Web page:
Food is so-so, the wine list's usp is that all the growers are Belgians - usually based in France. Good idea for home town patriots but there is not much else you can say about it. Chäteau Carignan is a good dependable Premiere Cotes de Bourdeaux with a high merlot content which makes it easy drinking - can't remember what they charge for it but it is not over expensive.

Setting is good - an old 19th century banking hall well restored - but frankly you can eat much better in Brussels for the same outlay without too much effort. (See elsewhere in this thread) The night I was there it was full of noisy groups who were obviously enjoying themselves but not terribly interested in the food.

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  • 3 weeks later...

just back from a weekend in Brussels and had a good meal at Bonsoir Clara - but seem to be having trouble finding its website.

It's a lovely atmospheric place (we were not in the stained glass room) with courteous service and well priced food. Starters for the group were gravadlax, tuna tartare with nori and prawn croquettes - and all were good with the tuna being pronounced exceptional. Mains were the rack of lamb with millefeuille of vegetables and fillets of red snapper. The clean plates are the best indication of delicious food. Sadly we were too full for dessert - but next time!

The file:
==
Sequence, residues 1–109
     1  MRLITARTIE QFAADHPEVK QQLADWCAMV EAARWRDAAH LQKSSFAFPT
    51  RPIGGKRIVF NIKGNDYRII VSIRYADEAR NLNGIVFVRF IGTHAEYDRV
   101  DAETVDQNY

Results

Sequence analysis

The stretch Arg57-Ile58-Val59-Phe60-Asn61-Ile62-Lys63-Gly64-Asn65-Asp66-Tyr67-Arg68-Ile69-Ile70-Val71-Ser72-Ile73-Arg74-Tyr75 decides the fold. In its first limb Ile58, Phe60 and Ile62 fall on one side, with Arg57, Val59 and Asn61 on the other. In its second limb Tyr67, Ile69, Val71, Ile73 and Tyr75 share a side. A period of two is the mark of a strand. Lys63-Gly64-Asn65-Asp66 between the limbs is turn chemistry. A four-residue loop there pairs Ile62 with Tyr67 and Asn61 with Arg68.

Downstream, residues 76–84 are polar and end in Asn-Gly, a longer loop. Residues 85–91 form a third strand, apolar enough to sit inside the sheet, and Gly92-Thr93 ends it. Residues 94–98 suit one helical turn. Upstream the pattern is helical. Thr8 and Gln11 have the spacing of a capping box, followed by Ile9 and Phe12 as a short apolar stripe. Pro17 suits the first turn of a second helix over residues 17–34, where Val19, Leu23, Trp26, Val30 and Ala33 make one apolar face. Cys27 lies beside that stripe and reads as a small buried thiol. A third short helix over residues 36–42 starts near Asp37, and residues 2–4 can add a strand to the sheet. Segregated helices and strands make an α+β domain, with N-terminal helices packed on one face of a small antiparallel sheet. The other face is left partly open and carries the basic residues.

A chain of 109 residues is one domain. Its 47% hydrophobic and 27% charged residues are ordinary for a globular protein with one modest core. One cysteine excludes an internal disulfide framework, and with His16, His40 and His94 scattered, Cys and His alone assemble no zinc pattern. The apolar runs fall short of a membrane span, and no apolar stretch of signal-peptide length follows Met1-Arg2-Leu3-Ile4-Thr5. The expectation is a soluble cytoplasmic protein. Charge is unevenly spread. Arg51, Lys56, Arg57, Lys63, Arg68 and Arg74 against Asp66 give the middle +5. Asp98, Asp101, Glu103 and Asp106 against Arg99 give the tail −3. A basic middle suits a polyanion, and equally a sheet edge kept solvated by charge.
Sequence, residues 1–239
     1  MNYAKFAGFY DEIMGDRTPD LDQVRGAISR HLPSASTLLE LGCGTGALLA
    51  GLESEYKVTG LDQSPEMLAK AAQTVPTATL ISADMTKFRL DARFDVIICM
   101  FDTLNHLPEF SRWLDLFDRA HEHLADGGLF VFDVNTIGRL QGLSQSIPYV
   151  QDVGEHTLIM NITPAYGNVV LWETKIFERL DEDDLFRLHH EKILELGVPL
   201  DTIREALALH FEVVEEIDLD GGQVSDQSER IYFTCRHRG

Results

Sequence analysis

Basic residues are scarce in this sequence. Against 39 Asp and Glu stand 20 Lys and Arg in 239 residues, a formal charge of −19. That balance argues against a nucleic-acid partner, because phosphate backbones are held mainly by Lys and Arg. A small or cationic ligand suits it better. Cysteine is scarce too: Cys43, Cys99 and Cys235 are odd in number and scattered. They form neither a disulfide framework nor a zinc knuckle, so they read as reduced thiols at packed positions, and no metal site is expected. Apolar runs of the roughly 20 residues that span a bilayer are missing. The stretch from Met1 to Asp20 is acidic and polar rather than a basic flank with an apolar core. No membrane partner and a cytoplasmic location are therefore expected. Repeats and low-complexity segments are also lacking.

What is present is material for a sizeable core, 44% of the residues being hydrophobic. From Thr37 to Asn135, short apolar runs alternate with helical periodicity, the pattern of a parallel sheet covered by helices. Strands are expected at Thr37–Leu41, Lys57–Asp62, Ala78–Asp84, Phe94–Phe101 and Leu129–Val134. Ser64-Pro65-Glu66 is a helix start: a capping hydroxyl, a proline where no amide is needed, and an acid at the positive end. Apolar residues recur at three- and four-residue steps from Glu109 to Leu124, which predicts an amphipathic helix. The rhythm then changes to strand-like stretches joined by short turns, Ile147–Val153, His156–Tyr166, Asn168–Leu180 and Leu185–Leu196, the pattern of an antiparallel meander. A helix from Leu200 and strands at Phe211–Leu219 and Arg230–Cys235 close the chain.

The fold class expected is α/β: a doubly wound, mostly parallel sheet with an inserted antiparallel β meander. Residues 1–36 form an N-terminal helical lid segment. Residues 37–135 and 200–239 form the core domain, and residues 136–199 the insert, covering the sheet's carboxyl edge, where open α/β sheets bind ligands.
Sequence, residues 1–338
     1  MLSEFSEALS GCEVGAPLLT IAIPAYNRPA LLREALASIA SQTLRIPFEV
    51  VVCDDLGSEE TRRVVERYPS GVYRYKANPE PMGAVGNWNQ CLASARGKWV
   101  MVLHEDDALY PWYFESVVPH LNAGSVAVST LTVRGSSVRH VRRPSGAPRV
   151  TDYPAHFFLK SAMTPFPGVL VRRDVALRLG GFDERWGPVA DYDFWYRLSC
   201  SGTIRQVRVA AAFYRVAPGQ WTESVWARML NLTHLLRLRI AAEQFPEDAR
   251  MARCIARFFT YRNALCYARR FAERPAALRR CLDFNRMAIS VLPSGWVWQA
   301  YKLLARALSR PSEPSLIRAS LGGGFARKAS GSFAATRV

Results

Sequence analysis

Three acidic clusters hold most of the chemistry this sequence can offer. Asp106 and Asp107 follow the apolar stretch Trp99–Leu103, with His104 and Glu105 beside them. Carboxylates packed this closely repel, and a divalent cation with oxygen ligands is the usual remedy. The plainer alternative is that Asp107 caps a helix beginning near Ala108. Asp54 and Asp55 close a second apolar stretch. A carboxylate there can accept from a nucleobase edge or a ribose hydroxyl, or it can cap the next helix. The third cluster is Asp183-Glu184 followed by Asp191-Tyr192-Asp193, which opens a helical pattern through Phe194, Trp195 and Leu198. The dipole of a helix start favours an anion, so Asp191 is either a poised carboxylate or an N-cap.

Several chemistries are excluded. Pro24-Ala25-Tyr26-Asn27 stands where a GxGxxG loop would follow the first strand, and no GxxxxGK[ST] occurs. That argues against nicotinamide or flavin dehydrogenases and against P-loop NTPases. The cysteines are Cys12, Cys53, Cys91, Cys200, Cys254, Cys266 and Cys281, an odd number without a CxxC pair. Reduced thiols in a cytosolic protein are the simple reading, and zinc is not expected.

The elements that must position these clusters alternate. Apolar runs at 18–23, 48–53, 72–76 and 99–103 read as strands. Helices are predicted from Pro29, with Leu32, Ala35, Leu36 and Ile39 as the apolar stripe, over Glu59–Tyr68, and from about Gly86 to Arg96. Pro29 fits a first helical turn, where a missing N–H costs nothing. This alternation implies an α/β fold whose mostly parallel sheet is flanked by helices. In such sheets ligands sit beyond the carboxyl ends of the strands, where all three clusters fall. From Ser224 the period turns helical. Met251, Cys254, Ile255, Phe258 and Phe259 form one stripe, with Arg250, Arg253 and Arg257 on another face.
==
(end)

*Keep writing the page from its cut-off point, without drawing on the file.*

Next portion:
We weren't really drinking that night so the bill for three of us was just over 100EUR - pretty good value in my mind. and certainly somewhere I want to go back to ..

cheers

Yin

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In my view, the best restaurant in Brussels for the moment to go to is: Resource (http://www.restaurantresource.be/).

It has not been in any guide yet, because it opened this year.

The chef has a very good CV; worked at the Ritz in Paris, at Le Grill aux Herbes d'Evan in Brussels and at Le Vieux Boitsfort in Brussels, all restaurant with high notes in GaultMillau and / or Michelinstars.

But I have the impression that at Resoucre, his own restaurant, he seems to be more creative then the chefs mentioned whith whom he worked.